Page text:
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54. The sower (Matthew 13:1-23; Mark 4:1-29; Luke 8:1-18)
To visit all the towns of Galilee was a huge task. Jesus and his disciples were helped in this work by a group of women who went with them to look after their daily needs (Luke 8:1-3). Crowds of people came to see Jesus wherever he went, and were often a hindrance to the progress of the gospel. It seems that one reason Jesus began to teach extensively in parables was to separate those who were genuinely interested from those who were merely curious (Matthew 13:1-3a; Mark 4:1-2).
The parable of the sower draws its lessons from the four different kinds of soil rather than from the work of the sower. The preacher puts the message of the kingdom into people’s hearts as a farmer puts seed into the ground. But people’s hearts vary just as the soil in different places varies. Some people hear the message but do not understand it because they are not interested. Others show early interest but soon give up because they have no deep spiritual concern. Others are too worried about the affairs of everyday life. Only a few respond to the message in faith, but when they do their lives are changed and a spiritual harvest results (Matthew 13:3-9,Matthew 13:18-23; Mark 4:3-9,Mark 4:13-20).
Parables may provide a pictorial way to teach truth, but they are more than just illustrations. Their purpose is to make the hearers think about the teaching. Those who gladly receive Jesus’ teaching will find the parables full of meaning. As a result their ability to understand God’s truth will increase. But those who have no genuine interest in Jesus’ teaching will see no meaning in the parables at all. Worse still, their spiritual blindness will become darker, and their stubborn hearts more hardened. Because their wills are opposed to Jesus, their minds cannot appreciate his teaching, and consequently their sins remain unforgiven (Matthew 13:10-17; Mark 4:10-12).
Although the teaching of parables may cause the idly curious to lose interest in Jesus, the basic purpose of a parable is to enlighten, not to darken. A parable is like a lamp, which is put on a stand to give light, not hidden under a bowl or under a bed. The more thought people give to their master’s teaching, the more enlightenment and blessing they will receive in return. But if they are lazy and give no thought to the teaching, their ability to appreciate spiritual truth will decrease, until eventually it is completely gone (Mark 4:21-25).
Returning to the picture of the sower, Jesus shows that good seed will always produce healthy plants and good fruit if given the opportunity. The farmer sows the seed, but he must wait for the soil to react with the seed and make it grow. Likewise the messenger of the gospel must have patient faith in God as the message does its work in people’s hearts (Mark 4:26-29).
55. Wheat and weeds; mustard seed; yeast (Matthew 13:24-43; Mark 4:30-34; Luke 13:18-21)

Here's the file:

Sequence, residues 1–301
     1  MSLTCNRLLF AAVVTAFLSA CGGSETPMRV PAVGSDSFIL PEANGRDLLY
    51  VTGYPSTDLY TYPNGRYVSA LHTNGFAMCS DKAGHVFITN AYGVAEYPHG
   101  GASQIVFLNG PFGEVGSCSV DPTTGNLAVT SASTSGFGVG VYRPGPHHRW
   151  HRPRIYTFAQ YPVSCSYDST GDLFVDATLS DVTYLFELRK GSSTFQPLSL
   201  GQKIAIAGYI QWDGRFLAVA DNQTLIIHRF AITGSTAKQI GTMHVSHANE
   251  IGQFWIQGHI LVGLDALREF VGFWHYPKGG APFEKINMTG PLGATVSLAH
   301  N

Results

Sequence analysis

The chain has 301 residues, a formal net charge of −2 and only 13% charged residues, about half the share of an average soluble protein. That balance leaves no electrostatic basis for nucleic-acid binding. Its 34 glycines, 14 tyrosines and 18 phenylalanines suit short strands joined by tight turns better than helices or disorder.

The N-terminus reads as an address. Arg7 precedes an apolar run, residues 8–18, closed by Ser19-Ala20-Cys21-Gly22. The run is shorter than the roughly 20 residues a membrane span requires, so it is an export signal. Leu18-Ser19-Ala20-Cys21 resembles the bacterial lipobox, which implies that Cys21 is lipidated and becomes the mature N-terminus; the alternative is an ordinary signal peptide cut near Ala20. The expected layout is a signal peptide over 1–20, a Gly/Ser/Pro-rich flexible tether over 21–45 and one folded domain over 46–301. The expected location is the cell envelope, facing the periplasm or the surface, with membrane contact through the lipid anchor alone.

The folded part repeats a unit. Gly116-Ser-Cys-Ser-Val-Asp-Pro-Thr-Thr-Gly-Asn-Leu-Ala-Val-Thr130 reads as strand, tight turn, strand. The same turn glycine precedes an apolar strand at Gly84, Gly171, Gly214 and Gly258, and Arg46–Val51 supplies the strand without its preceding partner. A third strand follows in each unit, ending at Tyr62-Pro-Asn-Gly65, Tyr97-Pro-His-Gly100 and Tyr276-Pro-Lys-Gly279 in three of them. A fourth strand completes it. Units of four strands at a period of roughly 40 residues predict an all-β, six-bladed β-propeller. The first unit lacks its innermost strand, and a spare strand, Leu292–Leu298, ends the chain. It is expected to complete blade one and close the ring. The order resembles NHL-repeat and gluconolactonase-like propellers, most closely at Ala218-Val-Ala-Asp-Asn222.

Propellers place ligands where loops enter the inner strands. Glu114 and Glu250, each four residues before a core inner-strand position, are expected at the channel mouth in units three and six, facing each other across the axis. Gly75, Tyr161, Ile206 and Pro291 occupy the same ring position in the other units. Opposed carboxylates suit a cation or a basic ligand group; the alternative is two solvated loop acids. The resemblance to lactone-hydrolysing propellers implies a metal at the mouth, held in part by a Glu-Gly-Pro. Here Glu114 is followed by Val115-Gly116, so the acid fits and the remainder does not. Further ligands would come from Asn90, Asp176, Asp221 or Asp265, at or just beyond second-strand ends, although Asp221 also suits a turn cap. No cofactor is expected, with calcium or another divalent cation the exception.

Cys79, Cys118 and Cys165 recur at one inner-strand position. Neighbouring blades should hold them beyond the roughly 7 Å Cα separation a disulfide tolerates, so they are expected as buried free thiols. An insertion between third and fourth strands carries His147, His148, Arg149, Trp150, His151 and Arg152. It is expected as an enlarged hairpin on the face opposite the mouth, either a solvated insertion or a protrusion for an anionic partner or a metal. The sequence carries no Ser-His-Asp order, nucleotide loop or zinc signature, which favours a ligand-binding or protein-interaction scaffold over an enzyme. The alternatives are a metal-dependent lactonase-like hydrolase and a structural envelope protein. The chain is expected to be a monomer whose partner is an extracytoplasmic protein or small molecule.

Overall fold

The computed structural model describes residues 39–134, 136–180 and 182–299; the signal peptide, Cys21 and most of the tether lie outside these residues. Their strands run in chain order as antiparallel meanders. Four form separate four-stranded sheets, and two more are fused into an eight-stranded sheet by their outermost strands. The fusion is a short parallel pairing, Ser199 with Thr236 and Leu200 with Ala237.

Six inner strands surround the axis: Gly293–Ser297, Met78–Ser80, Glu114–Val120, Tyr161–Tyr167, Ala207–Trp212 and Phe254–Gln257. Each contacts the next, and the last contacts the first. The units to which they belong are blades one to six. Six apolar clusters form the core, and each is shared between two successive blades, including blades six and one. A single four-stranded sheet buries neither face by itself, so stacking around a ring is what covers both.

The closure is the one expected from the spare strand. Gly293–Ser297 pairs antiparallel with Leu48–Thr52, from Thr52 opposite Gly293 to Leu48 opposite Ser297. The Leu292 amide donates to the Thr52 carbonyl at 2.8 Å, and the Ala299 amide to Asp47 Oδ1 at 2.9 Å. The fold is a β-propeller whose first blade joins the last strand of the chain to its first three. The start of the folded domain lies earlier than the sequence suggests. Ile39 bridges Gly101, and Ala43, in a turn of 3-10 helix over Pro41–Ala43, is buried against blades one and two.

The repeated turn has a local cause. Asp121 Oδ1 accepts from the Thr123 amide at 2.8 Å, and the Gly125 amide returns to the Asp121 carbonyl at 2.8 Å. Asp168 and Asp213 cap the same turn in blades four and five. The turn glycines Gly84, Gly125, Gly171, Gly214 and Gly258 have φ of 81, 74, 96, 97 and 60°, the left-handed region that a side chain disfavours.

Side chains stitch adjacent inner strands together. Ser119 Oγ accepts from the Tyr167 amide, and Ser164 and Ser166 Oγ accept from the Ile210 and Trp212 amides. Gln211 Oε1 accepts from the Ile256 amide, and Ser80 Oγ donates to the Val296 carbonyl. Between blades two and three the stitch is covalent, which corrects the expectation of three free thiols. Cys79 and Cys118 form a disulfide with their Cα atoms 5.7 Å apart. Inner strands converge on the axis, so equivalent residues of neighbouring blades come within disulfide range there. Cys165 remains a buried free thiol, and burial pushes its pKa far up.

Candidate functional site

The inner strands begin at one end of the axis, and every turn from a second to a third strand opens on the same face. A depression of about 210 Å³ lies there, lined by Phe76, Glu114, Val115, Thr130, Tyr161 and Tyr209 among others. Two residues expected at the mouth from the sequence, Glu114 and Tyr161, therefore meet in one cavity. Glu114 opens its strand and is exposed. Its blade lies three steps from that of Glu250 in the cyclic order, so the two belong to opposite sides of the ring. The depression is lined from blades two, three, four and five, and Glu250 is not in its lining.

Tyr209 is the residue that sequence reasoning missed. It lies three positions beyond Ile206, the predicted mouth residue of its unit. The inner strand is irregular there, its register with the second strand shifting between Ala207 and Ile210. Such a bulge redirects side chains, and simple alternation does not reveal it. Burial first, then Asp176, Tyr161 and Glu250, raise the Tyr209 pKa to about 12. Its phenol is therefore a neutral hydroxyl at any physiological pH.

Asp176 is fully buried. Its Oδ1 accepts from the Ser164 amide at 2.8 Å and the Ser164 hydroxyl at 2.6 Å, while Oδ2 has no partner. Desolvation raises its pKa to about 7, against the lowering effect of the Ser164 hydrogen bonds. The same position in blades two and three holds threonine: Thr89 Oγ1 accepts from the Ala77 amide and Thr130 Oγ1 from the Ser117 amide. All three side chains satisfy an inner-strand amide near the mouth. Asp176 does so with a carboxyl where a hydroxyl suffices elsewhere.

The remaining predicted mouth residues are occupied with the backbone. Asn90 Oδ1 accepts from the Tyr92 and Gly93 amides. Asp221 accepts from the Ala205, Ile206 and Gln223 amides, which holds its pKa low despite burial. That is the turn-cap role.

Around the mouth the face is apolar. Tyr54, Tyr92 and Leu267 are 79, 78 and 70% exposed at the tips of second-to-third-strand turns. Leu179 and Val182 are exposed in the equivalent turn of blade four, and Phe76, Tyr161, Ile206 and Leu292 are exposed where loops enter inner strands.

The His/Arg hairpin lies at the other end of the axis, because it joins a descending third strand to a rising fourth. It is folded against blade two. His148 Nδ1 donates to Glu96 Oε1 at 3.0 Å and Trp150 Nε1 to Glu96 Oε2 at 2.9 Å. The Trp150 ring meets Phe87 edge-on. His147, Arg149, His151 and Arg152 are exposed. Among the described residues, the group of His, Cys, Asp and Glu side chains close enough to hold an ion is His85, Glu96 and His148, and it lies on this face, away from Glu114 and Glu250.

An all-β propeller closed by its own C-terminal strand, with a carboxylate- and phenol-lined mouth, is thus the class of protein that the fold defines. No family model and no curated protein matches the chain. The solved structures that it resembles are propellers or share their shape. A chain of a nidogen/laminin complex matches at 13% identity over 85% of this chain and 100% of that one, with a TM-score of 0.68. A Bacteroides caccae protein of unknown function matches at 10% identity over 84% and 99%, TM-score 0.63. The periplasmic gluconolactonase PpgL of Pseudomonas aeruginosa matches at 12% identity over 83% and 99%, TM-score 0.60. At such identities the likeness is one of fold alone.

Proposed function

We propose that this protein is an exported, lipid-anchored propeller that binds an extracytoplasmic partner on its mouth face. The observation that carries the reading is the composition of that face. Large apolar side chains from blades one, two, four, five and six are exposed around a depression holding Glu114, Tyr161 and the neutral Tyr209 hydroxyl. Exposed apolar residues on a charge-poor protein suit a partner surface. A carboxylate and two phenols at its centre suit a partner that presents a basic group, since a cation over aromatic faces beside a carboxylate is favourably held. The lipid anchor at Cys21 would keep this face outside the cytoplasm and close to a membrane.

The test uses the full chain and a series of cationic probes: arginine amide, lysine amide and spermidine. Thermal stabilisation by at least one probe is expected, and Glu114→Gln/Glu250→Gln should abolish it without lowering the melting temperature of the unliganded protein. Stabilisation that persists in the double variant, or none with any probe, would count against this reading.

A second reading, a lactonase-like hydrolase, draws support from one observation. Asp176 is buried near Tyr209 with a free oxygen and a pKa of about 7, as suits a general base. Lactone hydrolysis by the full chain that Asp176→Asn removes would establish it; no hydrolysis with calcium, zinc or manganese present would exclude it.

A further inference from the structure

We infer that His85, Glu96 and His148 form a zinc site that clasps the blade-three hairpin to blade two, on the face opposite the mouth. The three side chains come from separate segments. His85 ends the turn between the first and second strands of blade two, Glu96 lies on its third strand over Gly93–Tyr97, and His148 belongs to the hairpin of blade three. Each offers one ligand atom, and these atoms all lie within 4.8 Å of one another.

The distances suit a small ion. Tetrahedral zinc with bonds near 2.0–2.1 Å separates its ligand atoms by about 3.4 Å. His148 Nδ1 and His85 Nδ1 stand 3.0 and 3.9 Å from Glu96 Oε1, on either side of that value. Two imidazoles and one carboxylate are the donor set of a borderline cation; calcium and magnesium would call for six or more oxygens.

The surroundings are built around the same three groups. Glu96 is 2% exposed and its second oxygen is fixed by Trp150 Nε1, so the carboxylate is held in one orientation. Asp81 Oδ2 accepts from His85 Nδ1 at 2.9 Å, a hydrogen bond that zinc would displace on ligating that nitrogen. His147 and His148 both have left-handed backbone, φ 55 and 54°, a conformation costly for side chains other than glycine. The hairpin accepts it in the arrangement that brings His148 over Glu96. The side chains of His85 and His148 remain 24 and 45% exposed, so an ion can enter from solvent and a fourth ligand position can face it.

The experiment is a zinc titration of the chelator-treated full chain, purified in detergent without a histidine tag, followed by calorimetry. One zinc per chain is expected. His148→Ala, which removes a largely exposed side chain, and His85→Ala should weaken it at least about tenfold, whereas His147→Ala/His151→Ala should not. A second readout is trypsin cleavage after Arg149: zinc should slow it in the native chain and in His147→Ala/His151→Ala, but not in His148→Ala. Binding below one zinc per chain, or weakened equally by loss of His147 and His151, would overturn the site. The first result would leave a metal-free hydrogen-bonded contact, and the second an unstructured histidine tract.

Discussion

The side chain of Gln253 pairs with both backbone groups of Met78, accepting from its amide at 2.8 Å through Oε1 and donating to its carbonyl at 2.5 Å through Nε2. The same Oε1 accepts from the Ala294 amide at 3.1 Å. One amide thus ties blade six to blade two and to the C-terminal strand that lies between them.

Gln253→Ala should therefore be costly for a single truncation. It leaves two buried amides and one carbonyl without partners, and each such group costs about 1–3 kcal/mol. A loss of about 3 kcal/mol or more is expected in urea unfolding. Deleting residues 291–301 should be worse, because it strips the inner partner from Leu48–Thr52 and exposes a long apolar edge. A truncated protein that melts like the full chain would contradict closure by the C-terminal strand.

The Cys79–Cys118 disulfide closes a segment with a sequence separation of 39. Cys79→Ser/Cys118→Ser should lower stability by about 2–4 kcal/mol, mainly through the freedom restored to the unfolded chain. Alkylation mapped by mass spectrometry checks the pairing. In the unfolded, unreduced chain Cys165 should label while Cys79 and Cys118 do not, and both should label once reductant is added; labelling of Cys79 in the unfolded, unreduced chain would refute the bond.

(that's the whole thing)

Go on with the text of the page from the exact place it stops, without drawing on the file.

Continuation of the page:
In another parable, two types of seed produce two types of plants in the same field. The plants, wheat and weeds, are not separated while they are growing, but are left till harvest time. Then the wheat is put into the farmer’s barn but the weeds are destroyed (Matthew 13:24-30).
As with the parable of the sower, Jesus gave his disciples an interpretation (Matthew 13:34-36; cf. v. 10,16-18). In the present world those who are in the kingdom of God live alongside those who are not. This was contrary to popular Jewish thinking, which expected the kingdom to come in one mighty act that would destroy all enemies and set up God’s universal rule of righteousness and peace. Jesus points out that his kingdom is in the world already, but it will have its climax at the end of world history. When that time comes the wicked will be destroyed but the righteous will share in the kingdom’s triumph (Matthew 13:37-43).
The parable of the mustard seed foretells the expansion of the kingdom, as seen in the remarkable growth of the church. From small beginnings it grows to a vast community that covers the entire earth (Matthew 13:31-32). A similar truth is illustrated by the parable of the yeast (or leaven). As a small amount of yeast spreads through a lump of dough, so will the apparently small kingdom of Jesus spread through the world (Matthew 13:33).
AROUND THE LAKE OF GALILEE
57. Jesus calms the storm (Matthew 8:23-27; Mark 4:35-41; Luke 8:22-25)
A well known feature of Lake Galilee was that fierce storms blew up quickly. Jesus had suggested that the group sail across the lake, but the disciples expressed disappointment with him when a storm arose and he did nothing to help. Instead he was sleeping in the back of the boat, perhaps an indication of his tiredness from constant work (Mark 4:35-38).
The disciples still did not understand fully the divine power of Jesus, and he rebuked them for their lack of faith. When a word from him was sufficient to calm the wild forces of nature, they were struck with a mixture of wonder and fear. The sovereign Lord of creation was among them (Mark 4:39-41; cf. Psalms 89:9).
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Flemming, Donald C. "Commentary on Mark 4". "Fleming's Bridgeway Bible Commentary". https://studylight.org/
the Week of Proper 21 / Ordinary 26